9. 9. 8 With a solid answer to our initial question in hand, we can dig deeper: • For the movie genres that are not as closely correlated, is there a marketing tactic other than search that is more closely correlated to revenue? • How can we reallocate search spend to maximize potential revenue? • How does the correlation between search and revenue change if we look only at genres with high (or low) conversation volume? • There are some “outliers” with big revenue. What useful info can we learn about those? • What are some other variables we might want to investigate for correlations? Are my results different by age groups? By gender? By region? These follow-on questions spring from the example we used here of a media and entertainment company, but you can easily translate them into questions that are critical for your own business. The takeaway is this: By starting with a straightforward question, usually stemming from “hunches” that you already you have, it is easy to organize your thinking about what to explore next, how to prioritize, and get statistically relevant insight. Ideas for further exploration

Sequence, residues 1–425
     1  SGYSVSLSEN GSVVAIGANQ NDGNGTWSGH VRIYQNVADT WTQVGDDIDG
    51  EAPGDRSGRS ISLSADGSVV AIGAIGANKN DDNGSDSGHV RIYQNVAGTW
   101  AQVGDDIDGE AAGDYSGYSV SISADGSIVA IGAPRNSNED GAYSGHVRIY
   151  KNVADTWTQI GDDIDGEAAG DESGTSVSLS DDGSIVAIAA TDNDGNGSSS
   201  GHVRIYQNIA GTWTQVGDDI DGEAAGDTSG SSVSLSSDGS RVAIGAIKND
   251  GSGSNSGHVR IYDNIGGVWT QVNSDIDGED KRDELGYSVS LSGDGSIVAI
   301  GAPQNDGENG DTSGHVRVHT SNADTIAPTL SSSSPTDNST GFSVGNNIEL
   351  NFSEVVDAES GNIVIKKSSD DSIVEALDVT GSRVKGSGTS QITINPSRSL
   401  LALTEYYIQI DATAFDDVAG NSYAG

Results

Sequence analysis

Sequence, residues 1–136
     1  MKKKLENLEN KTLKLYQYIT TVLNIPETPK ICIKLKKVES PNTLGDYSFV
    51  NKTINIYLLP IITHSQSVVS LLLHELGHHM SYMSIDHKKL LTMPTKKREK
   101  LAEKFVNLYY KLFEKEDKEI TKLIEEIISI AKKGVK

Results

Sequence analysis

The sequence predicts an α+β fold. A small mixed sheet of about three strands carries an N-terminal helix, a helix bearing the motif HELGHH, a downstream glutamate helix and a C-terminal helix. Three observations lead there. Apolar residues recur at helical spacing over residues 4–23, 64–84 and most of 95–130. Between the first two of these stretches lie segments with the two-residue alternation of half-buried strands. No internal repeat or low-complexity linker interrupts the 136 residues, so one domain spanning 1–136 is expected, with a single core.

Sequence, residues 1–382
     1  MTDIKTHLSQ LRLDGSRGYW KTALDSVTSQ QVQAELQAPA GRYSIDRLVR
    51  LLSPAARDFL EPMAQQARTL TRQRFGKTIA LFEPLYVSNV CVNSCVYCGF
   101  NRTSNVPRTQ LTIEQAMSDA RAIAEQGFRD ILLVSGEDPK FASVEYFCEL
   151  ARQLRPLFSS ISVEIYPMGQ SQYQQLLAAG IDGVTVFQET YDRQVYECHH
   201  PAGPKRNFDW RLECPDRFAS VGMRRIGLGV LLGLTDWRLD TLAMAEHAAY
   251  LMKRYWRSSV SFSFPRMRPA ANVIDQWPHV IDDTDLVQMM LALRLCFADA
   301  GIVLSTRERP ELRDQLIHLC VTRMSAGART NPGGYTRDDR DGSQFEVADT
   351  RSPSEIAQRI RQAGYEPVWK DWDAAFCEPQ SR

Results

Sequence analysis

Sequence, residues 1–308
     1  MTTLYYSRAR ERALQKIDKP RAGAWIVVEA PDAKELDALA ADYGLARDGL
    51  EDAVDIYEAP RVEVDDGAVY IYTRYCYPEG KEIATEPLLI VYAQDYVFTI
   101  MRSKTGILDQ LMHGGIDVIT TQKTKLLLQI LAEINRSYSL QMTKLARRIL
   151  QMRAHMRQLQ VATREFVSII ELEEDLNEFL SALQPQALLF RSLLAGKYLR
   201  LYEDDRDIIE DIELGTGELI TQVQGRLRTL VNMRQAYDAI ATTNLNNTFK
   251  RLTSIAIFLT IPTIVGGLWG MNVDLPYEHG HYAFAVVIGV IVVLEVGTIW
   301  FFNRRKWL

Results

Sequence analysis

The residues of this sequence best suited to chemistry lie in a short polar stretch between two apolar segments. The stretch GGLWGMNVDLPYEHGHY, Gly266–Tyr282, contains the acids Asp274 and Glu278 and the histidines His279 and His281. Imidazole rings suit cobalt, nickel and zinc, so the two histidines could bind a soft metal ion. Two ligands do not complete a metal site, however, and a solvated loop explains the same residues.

10. 10. 9 Always keep in mind that relationships between variables is not the same as one variable causing the other variable. That’s okay, though—confirming a relationship (or the absence of a relationship) is in itself super useful. Second, R-squared analysis, like all statistics, needs to be used carefully. And there are caveats. For example, we’ve been looking at a linear trend line here, but certain data may exhibit characteristics that call for a different kind of trend line. Linear trend lines will get you pretty far, just know that there are other kinds, too. Finally, keep it simple. Gleaning just one insightful correlation that you can act on can deliver enormous value in terms of how you allocate your budget, how you optimize your marketing tactics and how well you understand your customers. Correlation is not causation (and other tips)
  11. 11. LOOKING TO IMPROVE TRANSPARENCY AND ROI IN YOUR AGENCY PARTNERSHIPS? Get in touch at hello@beckon.com. We’d love to hear from you.